James Madison wrote that, “If men were angels, no government would be necessary.”

James Madison wrote that, “If men were angels, no government would be necessary.”

This famous statement captures the strong distaste that the Founders had for government authority.

This distaste is reflected in the Declaration of Independence, and remains American doctrine to this day.

It is a manifestation of liberalism, born during the Enlightenment, and it is incorrect on almost every level.

For one thing, if men were angels then they would have more government, not less. After all, angels stand perpetually in the face of the almighty and wait with anticipation to do his bidding. They are governed absolutely, and exist in a grand hierarchy.

Really the only angels that would agree with Madison’s statement—the only angels that think they need no government—are the angels in Hell. The loyal angelic host knows better; it knows that true freedom lies in submission to Truth and Light. Heaven abhors anarchy.

The Founders went wrong by conceiving of government as a necessary evil, brought about only by human sin.

If men were only virtuous enough, so they thought, then humanity could be completely free from authority, ruled by no one but their own private versions of happiness.

This error multiplied into many. Take the following section from the Declaration of Independence: “to secure these rights, Governments are instituted among men, deriving their just powers from the consent of the governed.”

This makes two liberal statements about human government. First, it says that government exists primarily to secure individual rights. Second, it says that government derives its power from the will of the people.

When the singular purpose of government is reduced to “mediator of individual rights,” it becomes impotent in regard to all things that really matter.

Justice, goodness, beauty, wisdom, and morality, not to mention God, are none of the state’s business.

It should be no surprise that this leads to a secular nanny-state which must spend all its energy settling disagreements about Rights, the highest courts being occupied with mockeries of justice, wrapped up in absurd debates about the definition of marriage, a definition no civilization before now has managed to misunderstand.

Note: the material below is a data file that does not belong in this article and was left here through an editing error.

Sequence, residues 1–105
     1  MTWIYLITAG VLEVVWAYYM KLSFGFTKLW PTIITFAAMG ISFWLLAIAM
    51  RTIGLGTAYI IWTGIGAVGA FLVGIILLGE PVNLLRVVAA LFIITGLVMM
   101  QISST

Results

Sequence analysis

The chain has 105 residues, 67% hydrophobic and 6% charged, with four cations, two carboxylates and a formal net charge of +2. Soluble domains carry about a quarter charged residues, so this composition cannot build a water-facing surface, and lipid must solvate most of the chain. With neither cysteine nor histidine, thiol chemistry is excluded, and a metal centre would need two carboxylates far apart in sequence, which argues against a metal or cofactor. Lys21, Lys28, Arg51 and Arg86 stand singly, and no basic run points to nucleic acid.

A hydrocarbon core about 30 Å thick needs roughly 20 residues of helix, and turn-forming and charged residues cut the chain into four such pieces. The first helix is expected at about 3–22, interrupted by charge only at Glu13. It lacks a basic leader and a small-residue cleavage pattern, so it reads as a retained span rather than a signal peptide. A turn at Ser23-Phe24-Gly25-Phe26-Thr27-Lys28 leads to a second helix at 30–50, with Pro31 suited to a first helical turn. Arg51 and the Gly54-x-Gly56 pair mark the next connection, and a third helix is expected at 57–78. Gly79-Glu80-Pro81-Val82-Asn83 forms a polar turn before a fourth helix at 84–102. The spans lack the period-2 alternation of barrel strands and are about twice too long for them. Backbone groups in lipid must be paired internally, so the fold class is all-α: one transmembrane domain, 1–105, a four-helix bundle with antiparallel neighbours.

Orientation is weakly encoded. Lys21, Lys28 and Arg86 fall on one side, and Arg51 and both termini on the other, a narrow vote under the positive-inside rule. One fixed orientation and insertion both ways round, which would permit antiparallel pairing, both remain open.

Next, when we say that government authority works from the “bottom-up,” from the consent of the governed, then whatever the majority wants is what such a government is obligated to do.

If the population decides that the pursuit of happiness lies in child sacrifice, then child sacrifice will become common practice, as it currently is in the United States and in other enlightened nations.

I said before that this idea of government was rooted in liberalism. This means that even American conservatives, when they harp about getting back to “founding principles,” are simply harping about getting back to our original liberalism, which is the philosophy of individual choice without an obligation to transcendental authority or even pagan virtue.

The Greeks, who were as free as any American, knew that society was about more than individual liberty. Aristotle spoke truly, saying:

“A state exists for the sake of the good life; and not for the sake of life only… It is clear then that the state is not a mere society, having a common place, established for the prevention of mutual crime and for the sake of exchange… Political society exists for the sake of noble actions, and not of living together.”

Christian tradition agrees with this wise philosopher. The Church has always taught that government is a created good; that ordered community is not optional; that “it is not good for man to be alone.”

Government, for the Christian, has a responsibility to be active in seeking and promoting the common good, and is to have as its end the human person.

Christ submitted even to an unjust Pilate, under an immoral empire, to the point of death. He knew who ordained authority. “Thou wouldst not have any power against me, unless it were given thee from above.”

Saint Paul, following that lead, states plainly that “There is no authority except from God, and those authorities that exist have been instituted by God.”

The state, whether we like it or not, is an authority instituted from the top-down, from God, not the bottom-up. If we try to turn that upside down, as the Founders did, then the state becomes untethered to reality.

It becomes what it is now: a nanny-state catering to the Culture of Rights. It becomes unable to seek the first and most basic precept of Natural Moral Law: “that good is to be done and pursued and evil to be avoided.”

This has led to a situation in which we have but two political parties: A liberal party that knows it is liberal, and a liberal party that does not. Both cling to individualism and petty Rights. Both reject the legitimate moral authority of the state, one crying “My body, leave me alone!” the other crying “My wallet, leave me alone!”

We should be patriots. It is good to love our nation and to maintain respect for the men who created it; but we must also acknowledge that the Founders were not infallible, and that the Constitution is not Holy Scripture.

The Founders knew they were not perfect. Jefferson stated many times his hope that later generations would correct any errors in the Constitution. It is completely within our power to reinstate the vital link between government and goodness, between the body of the State, and the soul of the Church.

Whether or not we will muster the moral vigor and strength of spirit required to heal ourselves is up to us; but the option is there.

The opinions in this column do not necessarily reflect the opinions of the The McPherson Sentinel or GateHouse Media. If you have any related questions or suggestions that you would like to see explored here, simply email me at daniel.schwindt@gmail.com.